Authenticity in music. Let’s talk about it. There’s always a lot of prattle about “selling out”, “going pop”, “crossing over”. Let’s not forget that every worn out premise and hackneyed sound was once the hot new thing.
Fans can tell when an artist or band believes in their product or when they are following suit with what is selling records in any given musical epoch. It’s not a new style or deviation that grates the listener but what follows. Remora. Suckerfish that leech of an original concept till nothing remains but empty withered husks of what was once cutting edge. When fish smell blood in the water, and by blood I of course mean dolla dolla bills ya’ll, it’s over.
I’m going to date myself but indulge me in metaphor. Remember when your buddy’s buddy got that new band’s cassette tape? He would let his friend dub it, and that guy would lend you the taped tape to record. With each recording the quality deteriorates just a little more.
As much as I love to bag on Florida Georgia Line, when Cruise was released it changed country music. Like it or not. On that album they wrote about life as they saw it and put it to music that they wanted to listen to. It was honest. It was authentic. Every artist, newcomer and superstar alike, began emulating that formula that ostensibly worked. Carbon copies. It wasn’t till the release of a second album, when they became a knock-off of themselves, that FGL began warranting ridicule. That revolutionary sound they found quickly became a stereotype. Not to mention the brunt of a genre wide mockery that is bro-country.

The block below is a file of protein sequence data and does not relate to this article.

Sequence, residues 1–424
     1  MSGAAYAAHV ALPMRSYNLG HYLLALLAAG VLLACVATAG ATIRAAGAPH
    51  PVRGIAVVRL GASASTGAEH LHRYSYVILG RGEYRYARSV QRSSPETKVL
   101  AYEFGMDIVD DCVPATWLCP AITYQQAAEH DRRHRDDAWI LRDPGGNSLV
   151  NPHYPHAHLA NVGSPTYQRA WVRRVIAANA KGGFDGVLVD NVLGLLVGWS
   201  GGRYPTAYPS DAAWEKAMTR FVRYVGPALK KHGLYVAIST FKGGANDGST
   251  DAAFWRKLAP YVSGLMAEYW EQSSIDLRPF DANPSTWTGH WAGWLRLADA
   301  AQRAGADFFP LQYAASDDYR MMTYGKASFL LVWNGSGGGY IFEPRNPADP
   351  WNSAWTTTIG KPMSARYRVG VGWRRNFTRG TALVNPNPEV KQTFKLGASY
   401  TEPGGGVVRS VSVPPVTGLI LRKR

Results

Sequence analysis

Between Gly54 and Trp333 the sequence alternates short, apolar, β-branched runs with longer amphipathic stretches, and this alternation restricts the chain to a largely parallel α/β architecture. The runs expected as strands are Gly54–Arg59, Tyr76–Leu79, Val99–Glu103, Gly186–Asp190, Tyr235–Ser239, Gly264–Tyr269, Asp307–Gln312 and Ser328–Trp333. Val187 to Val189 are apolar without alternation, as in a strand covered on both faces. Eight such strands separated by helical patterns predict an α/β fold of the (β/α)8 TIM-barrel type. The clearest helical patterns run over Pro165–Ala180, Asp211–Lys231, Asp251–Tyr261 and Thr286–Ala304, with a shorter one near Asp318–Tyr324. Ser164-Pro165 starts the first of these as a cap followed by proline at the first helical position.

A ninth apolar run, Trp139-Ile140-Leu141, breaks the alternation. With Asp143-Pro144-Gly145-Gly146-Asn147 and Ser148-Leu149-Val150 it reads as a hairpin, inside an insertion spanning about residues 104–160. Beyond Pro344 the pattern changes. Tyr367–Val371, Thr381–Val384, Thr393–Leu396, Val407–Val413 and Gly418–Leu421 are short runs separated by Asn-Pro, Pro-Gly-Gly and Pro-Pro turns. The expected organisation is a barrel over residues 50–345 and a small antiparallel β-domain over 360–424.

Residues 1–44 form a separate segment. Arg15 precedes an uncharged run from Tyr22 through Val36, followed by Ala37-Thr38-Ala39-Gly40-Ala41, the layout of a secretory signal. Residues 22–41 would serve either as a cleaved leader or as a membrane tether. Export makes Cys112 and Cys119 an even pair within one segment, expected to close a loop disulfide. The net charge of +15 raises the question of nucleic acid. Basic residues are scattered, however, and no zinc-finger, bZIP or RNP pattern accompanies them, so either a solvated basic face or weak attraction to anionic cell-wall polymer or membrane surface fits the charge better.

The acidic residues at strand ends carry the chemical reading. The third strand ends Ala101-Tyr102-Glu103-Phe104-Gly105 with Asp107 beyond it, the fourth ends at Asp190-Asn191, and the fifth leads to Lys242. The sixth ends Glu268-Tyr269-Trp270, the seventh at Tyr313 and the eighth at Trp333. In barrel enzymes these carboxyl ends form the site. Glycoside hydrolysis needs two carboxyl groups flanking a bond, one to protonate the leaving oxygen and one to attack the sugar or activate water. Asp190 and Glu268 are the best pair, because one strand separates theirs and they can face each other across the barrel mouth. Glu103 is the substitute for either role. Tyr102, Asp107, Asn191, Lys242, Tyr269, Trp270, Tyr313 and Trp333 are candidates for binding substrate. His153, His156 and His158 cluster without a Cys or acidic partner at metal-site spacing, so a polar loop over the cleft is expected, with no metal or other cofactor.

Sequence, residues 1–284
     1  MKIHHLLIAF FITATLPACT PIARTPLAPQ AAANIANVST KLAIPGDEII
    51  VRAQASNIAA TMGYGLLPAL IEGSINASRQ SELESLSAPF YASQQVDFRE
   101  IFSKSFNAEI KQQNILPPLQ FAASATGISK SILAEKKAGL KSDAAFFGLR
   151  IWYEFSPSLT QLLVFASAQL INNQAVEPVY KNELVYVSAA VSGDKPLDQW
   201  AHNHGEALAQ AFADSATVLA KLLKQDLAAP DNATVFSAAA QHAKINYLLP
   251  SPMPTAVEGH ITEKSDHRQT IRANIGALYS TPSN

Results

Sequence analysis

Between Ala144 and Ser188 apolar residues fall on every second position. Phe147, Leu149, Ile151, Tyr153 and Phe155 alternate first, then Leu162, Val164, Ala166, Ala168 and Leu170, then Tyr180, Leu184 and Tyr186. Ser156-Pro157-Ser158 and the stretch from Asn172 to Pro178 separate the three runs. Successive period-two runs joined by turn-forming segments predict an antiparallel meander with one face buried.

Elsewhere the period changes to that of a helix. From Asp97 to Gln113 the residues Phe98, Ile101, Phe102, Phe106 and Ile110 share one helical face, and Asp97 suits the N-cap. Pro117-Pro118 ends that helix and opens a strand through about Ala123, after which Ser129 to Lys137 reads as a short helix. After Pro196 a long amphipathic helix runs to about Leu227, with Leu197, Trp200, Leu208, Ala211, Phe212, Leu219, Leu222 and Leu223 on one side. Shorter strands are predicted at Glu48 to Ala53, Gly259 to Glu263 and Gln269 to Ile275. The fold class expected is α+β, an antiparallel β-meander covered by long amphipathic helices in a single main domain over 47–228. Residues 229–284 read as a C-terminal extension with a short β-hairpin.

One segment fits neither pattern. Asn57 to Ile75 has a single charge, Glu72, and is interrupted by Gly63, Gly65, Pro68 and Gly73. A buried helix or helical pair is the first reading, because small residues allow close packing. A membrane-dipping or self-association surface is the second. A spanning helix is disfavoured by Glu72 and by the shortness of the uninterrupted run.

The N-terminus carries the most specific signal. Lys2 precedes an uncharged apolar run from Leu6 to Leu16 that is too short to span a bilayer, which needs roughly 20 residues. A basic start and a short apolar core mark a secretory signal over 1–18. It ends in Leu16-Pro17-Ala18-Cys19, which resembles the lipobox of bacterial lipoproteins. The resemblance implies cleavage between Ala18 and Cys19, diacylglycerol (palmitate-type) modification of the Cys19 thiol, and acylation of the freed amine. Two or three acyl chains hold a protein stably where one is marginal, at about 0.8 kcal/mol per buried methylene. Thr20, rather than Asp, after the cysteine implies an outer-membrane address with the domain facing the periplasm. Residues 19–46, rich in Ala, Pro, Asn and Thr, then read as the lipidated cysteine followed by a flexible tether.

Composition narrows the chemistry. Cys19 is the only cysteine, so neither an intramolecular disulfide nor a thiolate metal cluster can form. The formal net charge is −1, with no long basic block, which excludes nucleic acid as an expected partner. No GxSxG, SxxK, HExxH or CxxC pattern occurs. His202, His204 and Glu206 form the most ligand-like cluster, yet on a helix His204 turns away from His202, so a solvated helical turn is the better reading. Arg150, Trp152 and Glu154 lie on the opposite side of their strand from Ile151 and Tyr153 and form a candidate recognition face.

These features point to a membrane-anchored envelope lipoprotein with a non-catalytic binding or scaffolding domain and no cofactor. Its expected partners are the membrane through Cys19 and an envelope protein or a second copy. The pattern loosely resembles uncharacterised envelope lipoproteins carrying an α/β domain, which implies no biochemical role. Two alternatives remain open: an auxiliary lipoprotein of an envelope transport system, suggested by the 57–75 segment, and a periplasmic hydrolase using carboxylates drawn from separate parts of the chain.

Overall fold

The more you saturate the market the more diluted it will become. Writers and performers have to try new things for a while, and fail a bunch, till something catches. There is indeed a sweet spot. If you don’t put enough water in your kool-aid it will taste bitter and strong, too much and it becomes pallid and tasteless.
Joe Nichols gave his sentiments on the subject in a recent interview with RollingStone Country. “The fans are smarter than we think they are, and they start yearning for some kind of organic feeling”. He went on to say, “‘What the hell are we doing?’ I’ve heard that from so many people that have had monstrous success over the last five years doing the stuff that’s more fluff than depth. I’ve heard a lot of those people say, ‘Man, what the hell are we doing? Let’s get back and make it about the song, make it about something deep, something more than just making money off somebody that’s wanting three minutes of a commercial jingle.’” Here, Here! Or rather… Yeah, Yeah!
It’s not about, “they sound too pop”, “that’s too rock”, or “rap doesn’t belong in country”. No, it’s about honesty. When a song is relatable, well written, with music that pierces your very soul, you can stop trying to be different and just be real. Just be authentic.
By: Tony Manfetano